“Water has become the new fire,” said IBC’s director of consumer and industry relations for Ontario Pete Karageorgos. “There’s now more payouts for water than fire, which used to be the top source of claims. We’ve seen this across the province and the nation.” Climate change along with the disappearance of wetlands, aging infrastructure, and unfinished basements have contributed to the surge in claims, added Karageorgos.
From all of the extreme weather events that impact Canadians, flooding is currently the costliest, ringing up millions of dollars in property damage, according to a study from the Intact Centre on Climate Adaptation at the University of Waterloo. Using data from IBC, the study also outlined that 58% of catastrophic insurable loss claims from 2008 to 2015 were a result of water damage, demonstrating the rising threat that flood waters pose to Canadians.
What coverage is offered by home insurance policies?
An IBC public opinion poll in 2018 found that almost 45% of homeowners in Canada who have a ground-level home believe they have flood insurance included in their regular home insurance policy, while 26% don’t know if they have it or not. Adding to this, only 37% say they feel confident in their understanding of what is covered in their home insurance policies.
“The fact is that most Canadians are not financially protected against flooding, and they may not realize it,” commented Craig Stewart, IBC’s vice president of federal affairs. “Climate change is not a future threat – it’s happening now. Over the past three decades we have seen an increase in insured damages, and it is up to all of us – the insurance industry, governments and citizens – to do our part in responding to the effects of climate change.”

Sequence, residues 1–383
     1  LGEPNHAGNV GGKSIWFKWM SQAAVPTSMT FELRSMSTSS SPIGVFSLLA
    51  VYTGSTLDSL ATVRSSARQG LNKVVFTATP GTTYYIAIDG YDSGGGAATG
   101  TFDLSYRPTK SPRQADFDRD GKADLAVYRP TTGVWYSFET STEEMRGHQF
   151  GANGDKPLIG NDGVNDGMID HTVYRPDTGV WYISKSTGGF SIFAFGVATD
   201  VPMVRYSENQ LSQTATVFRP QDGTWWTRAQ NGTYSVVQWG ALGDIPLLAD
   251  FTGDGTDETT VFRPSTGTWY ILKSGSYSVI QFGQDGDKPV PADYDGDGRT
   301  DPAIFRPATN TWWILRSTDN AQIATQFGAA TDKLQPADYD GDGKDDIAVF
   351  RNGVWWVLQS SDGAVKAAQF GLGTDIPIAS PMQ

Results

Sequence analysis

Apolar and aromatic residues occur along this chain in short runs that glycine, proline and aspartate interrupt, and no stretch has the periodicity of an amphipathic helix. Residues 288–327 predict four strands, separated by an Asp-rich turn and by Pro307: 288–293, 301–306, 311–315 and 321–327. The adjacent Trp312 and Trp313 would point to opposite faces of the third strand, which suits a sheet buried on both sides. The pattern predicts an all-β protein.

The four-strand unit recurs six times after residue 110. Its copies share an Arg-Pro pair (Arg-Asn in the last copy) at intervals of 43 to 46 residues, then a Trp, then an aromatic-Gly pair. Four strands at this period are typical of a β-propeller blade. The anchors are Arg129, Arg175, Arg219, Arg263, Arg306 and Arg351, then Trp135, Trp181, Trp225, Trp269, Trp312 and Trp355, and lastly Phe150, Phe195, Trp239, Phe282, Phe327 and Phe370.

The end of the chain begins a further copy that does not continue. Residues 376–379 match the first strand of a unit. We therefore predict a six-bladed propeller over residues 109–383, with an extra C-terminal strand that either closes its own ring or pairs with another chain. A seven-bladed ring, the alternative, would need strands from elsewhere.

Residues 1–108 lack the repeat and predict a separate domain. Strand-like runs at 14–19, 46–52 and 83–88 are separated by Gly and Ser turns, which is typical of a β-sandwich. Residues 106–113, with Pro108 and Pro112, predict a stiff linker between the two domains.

Brokers can help educate policyholders by first outlining the type of insurance they have in place for their home, condo, or rented property. All-risk or comprehensive policies will protect against all losses except for what’s excluded, which commonly lists flood. If that’s the case, brokers can guide insureds to purchase additional protection for water damage stemming from flooding. Allstate, for instance, offers an enhanced water damage endorsement that includes sewer backup as well as water overflow from a freshwater source, rainfall, or accumulation of ground or surface water.
These add-ons also often take into account the location of a home. Desjardins’ base policy includes protection for water damage events and optional coverage with ground water losses or sewer backup. Customers in low-risk areas can also receive protection for damage caused by overflowing waterways or dam breaks, but those located in medium-risk areas will have to purchase coverage for an added premium. IBC estimates that more than 1.7 million Canadian homes are at risk of flooding, and has worked with the provinces to provide a complete list of flood maps to help consumers and insurers understand the level of flood risk facing properties.